Apple says it’s now powered by 100 percent renewable energy worldwide

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Apple announced today that it’s business is now powered by 100 percent renewable energy sources. The news is a major victory the iPhone maker has been working toward for years through the purchase of green energy bonds and other renewable investments in its supply chain and physical infrastructure. The company’s last milestone, announced two years ago, was 93 percent of its worldwide operations running on clean energy.

The announcement comes just one week after Google announced that it now purchases enough renewable energy to offset its global energy consumption. That’s a key difference. Apple is saying here that it is not simply offsetting its energy use by purchasing so-called Renewable Energy Certificates, or RECs, like Google does.

Apple says every store, data center, and office worldwide runs on clean energy

Apple claims that every one of its “retail stores, offices, data centers and co-located facilities in 43 countries” — including in the US, UK, China, and India — all run on 100 percent clean energy. Apple says it’s also received commitments from nine new manufacturing partners that the company’s production and supply chain is powered by clean energy, bringing the total number of Apple suppliers making such a commitment up to 23.

We’ve asked Apple to clarify what it’s definition of clean energy is, and how it’s able to confirm where the energy used to power Apple retail stores comes. Given the likelihood that Apple Stores draw electricity from municipal power grids, it is therefore impossible to determine the energy’s source and cleanliness.

“We’re committed to leaving the world better than we found it. After years of hard work we’re proud to have reached this significant milestone,” Apple CEO Tim Cook said in a statement. “We’re going to keep pushing the boundaries of what is possible with the materials in our products, the way we recycle them, our facilities and our work with suppliers to establish new creative and forward-looking sources of renewable energy because we know the future depends on it.”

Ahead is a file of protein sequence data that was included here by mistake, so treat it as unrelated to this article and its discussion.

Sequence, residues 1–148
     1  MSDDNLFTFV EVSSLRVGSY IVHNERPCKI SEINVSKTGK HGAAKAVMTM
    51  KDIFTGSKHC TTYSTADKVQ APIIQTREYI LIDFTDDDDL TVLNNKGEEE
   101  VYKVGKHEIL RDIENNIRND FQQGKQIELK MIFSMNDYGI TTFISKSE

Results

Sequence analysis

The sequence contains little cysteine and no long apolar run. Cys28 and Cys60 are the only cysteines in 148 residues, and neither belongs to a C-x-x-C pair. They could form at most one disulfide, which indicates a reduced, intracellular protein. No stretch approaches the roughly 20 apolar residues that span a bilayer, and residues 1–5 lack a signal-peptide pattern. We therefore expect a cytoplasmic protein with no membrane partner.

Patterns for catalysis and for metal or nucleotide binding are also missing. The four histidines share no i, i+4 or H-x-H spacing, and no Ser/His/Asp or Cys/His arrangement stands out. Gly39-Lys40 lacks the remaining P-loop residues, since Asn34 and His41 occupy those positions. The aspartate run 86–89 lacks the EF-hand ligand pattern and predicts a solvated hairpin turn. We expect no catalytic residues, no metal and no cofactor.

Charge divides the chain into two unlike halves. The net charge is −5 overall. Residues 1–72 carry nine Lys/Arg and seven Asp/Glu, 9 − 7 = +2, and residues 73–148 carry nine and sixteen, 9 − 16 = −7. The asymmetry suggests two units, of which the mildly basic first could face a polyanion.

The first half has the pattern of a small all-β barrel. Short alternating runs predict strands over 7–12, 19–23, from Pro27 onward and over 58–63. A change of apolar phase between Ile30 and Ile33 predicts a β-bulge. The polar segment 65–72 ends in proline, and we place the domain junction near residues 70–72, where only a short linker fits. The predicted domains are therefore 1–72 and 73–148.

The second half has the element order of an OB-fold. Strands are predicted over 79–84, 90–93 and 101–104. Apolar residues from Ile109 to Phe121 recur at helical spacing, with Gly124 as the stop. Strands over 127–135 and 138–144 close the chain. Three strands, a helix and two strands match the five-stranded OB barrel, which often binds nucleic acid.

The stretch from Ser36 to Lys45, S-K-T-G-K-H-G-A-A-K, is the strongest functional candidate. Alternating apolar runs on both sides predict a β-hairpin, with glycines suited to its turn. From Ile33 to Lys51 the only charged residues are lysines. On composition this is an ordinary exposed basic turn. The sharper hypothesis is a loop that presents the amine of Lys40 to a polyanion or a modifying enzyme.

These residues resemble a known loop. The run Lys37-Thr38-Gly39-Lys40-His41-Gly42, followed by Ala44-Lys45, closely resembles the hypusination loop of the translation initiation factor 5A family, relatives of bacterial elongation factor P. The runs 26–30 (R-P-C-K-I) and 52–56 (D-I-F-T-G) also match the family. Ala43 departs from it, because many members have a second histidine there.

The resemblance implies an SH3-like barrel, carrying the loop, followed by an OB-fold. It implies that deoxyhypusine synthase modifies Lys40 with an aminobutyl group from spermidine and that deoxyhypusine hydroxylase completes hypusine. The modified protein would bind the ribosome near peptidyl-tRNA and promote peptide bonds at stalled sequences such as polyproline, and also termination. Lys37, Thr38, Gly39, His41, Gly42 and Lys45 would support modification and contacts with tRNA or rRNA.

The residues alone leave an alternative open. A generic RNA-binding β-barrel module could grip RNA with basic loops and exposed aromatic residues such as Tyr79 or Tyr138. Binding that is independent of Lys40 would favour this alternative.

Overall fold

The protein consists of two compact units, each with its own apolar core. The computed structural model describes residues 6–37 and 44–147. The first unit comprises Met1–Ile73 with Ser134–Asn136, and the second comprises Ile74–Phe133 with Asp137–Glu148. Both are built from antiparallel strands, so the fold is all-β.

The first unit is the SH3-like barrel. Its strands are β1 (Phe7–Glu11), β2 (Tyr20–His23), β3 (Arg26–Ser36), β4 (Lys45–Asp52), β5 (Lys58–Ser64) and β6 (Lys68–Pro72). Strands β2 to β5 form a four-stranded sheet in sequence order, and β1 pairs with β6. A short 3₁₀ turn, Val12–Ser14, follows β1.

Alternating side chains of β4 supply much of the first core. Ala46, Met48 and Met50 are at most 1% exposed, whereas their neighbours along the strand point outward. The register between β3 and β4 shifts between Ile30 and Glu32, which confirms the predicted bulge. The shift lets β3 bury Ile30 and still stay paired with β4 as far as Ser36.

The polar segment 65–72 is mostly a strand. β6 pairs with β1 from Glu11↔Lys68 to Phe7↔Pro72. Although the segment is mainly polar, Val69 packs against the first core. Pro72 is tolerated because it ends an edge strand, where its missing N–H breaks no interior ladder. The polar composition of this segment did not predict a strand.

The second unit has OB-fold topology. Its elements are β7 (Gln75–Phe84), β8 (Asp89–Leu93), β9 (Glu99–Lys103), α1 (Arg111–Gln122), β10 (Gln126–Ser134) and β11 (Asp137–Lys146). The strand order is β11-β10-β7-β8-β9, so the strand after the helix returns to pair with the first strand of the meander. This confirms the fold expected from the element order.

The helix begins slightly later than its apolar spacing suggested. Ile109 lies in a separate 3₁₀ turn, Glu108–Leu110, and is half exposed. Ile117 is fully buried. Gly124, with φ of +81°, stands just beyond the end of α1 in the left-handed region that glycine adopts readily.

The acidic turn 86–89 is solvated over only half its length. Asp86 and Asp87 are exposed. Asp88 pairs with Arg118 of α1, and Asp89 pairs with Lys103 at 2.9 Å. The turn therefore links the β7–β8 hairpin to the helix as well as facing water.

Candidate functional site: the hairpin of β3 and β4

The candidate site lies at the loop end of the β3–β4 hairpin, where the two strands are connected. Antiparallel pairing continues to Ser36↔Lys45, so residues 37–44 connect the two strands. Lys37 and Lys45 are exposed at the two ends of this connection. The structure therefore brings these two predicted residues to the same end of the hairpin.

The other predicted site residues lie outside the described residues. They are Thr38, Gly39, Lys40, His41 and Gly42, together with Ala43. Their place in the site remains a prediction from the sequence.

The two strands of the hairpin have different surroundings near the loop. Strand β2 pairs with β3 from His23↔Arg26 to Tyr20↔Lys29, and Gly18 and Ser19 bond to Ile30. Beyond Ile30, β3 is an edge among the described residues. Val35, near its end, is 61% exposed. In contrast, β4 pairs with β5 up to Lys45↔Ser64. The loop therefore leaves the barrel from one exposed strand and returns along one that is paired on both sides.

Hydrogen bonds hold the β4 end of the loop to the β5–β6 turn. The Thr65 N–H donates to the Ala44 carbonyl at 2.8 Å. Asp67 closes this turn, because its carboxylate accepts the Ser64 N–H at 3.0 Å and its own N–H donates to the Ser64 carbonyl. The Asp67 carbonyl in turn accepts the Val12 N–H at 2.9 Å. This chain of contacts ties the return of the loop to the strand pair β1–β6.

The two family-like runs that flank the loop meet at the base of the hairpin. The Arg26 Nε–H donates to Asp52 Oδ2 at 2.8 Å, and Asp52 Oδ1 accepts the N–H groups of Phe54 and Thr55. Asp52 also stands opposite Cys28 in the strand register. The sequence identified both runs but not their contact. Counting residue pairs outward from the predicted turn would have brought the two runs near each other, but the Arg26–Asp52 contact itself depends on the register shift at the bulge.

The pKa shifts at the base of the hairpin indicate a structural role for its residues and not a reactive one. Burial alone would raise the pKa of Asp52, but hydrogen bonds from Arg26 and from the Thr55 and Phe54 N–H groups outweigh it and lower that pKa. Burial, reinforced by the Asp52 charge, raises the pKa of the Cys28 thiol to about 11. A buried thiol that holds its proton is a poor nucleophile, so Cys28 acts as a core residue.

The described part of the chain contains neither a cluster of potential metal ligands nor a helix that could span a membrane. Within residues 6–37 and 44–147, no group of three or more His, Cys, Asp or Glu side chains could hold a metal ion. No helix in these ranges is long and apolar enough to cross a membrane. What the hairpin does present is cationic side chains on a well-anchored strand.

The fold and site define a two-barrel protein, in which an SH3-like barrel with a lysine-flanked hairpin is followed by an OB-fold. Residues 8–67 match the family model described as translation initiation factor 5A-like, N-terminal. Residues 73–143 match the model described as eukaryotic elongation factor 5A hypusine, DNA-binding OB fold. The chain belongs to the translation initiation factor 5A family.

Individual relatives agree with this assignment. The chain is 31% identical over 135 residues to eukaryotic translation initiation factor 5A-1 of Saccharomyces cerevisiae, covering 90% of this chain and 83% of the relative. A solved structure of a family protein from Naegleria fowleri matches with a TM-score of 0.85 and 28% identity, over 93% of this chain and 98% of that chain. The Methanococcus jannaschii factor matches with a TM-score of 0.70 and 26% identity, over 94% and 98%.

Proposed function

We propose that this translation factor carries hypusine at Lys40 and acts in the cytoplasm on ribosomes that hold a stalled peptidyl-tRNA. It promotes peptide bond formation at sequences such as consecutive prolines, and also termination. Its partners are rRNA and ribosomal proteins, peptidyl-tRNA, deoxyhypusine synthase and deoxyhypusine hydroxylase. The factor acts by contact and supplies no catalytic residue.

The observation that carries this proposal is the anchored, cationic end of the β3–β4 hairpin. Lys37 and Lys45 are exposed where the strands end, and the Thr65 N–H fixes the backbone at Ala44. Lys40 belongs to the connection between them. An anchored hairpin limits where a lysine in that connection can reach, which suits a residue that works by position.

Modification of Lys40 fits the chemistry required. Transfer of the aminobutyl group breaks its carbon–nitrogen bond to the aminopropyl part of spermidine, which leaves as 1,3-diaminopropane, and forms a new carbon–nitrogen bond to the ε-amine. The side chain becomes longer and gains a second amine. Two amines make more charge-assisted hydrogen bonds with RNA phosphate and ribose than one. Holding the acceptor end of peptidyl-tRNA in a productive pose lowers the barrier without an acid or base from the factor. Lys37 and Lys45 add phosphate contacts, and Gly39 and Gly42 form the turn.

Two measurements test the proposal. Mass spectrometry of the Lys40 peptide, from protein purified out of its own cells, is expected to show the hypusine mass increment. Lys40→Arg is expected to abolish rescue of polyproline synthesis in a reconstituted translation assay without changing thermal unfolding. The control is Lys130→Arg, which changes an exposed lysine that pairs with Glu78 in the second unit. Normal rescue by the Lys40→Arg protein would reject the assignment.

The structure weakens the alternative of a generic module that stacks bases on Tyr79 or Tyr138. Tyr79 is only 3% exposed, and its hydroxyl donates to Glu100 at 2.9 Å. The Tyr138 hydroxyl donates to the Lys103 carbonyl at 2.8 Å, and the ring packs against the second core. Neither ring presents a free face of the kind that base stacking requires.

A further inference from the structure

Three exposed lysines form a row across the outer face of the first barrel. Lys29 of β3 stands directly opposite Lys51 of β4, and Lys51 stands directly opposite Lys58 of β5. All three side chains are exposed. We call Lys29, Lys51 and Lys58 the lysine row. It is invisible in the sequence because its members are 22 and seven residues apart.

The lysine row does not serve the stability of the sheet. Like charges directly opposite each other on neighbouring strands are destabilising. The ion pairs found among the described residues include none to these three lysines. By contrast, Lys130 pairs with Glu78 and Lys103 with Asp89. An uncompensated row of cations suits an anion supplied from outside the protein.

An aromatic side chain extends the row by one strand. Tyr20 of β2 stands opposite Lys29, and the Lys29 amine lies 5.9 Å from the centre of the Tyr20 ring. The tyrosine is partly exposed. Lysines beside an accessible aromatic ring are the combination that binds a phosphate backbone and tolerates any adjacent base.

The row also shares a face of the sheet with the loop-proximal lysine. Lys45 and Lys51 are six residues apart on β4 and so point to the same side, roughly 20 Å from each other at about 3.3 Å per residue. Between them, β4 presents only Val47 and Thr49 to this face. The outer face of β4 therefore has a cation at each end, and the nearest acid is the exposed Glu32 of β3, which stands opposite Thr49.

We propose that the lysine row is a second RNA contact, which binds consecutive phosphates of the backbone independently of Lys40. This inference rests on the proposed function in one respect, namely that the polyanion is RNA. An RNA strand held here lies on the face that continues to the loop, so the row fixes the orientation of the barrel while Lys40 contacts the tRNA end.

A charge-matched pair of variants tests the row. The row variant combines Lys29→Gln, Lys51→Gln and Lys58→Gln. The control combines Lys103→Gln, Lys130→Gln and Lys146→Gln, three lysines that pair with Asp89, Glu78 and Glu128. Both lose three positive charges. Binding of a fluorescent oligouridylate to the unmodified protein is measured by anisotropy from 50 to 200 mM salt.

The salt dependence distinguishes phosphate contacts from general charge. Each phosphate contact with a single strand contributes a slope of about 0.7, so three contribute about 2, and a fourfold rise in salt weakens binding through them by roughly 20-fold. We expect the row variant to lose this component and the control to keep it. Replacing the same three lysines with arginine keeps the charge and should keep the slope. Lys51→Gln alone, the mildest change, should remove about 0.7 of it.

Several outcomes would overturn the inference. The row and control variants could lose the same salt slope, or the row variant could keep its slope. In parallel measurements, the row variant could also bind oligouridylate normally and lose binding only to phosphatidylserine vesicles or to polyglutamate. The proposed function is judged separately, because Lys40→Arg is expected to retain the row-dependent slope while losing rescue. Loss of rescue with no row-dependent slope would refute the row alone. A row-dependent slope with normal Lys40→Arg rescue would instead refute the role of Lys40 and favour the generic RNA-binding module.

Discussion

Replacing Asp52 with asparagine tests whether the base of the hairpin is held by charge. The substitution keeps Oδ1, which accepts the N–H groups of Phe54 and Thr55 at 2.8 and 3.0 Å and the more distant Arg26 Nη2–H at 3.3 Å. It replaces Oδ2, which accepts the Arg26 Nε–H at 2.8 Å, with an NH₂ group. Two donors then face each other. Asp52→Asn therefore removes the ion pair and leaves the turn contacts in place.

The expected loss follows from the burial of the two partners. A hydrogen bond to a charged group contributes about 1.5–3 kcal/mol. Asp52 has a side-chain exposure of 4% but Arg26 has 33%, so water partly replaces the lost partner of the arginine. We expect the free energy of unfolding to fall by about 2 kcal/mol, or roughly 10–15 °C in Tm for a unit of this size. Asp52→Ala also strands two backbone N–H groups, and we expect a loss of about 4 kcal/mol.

Apple’s press release breaks down some of the numbers and further explains Apple’s timeline to its commitment to combat climate change, something Cook has spoken publicly about before. The chief executive notably clashed with Trump over the US exiting the Paris Climate Accord last year. Cook also told investors in 2014 that they should dump their Apple stock if they didn’t take seriously the company’s commitment to green energy and sustainability and questioned how much Apple spends on those projects. Just last week, Apple pushed back against the Environmental Protection Agency’s proposal to repeal the Clean Power Plan.

“Apple currently has 25 operational renewable energy projects around the world, totaling 626 megawatts of generation capacity, with 286 megawatts of solar PV generation coming online in 2017, its most ever in one year,” reads Apple’s press release from today. “It also has 15 more projects in construction. Once built, over 1.4 gigawatts of clean renewable energy generation will be spread across 11 countries.”

Since 2014, Apple says all of its data centers have been powered by 100 percent renewable energy. “And since 2011, all of Apple’s renewable energy projects have reduced greenhouse gas emissions (CO2e) by 54 percent from its facilities worldwide and prevented nearly 2.1 million metric tons of CO2e from entering the atmosphere,” the release reads.

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